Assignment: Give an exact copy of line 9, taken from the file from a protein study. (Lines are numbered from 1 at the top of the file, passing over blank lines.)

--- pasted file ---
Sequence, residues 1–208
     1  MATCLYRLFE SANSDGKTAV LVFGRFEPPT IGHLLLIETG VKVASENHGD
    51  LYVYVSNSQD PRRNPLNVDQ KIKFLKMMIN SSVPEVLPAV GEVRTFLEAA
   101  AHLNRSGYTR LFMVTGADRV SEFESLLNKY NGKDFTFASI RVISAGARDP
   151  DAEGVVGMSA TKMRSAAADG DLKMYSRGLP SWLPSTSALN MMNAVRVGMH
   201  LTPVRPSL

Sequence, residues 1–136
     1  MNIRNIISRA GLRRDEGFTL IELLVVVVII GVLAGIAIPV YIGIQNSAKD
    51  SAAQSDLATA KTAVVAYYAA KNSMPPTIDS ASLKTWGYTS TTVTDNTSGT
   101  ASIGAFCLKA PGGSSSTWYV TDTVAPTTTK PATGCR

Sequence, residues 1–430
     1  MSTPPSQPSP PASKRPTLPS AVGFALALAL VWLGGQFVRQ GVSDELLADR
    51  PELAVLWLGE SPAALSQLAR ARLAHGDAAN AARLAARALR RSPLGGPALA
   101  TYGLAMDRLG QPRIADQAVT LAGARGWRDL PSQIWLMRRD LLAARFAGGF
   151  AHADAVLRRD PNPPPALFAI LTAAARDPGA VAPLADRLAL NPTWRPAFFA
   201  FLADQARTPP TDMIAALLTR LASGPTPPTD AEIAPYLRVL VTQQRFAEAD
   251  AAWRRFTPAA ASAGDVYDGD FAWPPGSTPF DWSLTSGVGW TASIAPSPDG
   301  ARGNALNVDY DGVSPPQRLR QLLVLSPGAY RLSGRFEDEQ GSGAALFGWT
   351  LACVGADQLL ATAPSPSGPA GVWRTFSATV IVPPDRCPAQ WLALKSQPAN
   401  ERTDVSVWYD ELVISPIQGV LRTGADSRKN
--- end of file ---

    51  SAAQSDLATA KTAVVAYYAA KNSMPPTIDS ASLKTWGYTS TTVTDNTSGT